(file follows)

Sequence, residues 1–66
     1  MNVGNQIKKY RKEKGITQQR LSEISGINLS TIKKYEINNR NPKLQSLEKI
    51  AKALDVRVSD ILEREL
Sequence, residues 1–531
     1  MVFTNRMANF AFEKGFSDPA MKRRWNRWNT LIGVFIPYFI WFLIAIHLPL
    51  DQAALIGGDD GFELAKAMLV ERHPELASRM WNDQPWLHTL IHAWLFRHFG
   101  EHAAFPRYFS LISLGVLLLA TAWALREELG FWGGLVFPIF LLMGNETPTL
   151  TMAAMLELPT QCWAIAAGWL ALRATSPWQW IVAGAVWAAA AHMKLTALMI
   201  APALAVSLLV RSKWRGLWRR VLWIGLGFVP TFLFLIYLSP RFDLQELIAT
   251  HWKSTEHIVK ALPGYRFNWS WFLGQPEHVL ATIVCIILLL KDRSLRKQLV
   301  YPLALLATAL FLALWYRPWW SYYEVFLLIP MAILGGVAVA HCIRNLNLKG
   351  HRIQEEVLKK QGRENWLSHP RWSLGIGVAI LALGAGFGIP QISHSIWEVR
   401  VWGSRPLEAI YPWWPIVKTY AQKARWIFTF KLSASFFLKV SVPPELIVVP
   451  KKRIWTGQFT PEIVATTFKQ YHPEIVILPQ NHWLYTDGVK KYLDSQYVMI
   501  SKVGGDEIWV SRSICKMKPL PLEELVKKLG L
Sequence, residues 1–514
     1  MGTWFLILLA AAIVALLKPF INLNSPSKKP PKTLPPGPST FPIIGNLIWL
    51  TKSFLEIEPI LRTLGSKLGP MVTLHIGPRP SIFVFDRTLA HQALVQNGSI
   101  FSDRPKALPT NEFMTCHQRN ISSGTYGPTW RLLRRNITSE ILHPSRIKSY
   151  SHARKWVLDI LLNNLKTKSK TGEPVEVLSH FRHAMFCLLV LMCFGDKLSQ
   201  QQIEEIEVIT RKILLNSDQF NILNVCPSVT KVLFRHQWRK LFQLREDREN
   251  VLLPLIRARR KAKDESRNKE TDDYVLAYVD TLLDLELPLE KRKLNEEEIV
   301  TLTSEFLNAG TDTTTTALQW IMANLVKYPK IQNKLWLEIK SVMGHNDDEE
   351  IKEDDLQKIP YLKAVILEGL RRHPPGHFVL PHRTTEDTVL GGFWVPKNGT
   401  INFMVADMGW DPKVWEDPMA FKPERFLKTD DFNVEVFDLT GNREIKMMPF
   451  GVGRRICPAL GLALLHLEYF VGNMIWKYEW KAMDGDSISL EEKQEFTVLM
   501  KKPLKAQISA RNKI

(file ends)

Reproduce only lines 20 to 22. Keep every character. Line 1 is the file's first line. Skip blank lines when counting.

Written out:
   151  SHARKWVLDI LLNNLKTKSK TGEPVEVLSH FRHAMFCLLV LMCFGDKLSQ
   201  QQIEEIEVIT RKILLNSDQF NILNVCPSVT KVLFRHQWRK LFQLREDREN
   251  VLLPLIRARR KAKDESRNKE TDDYVLAYVD TLLDLELPLE KRKLNEEEIV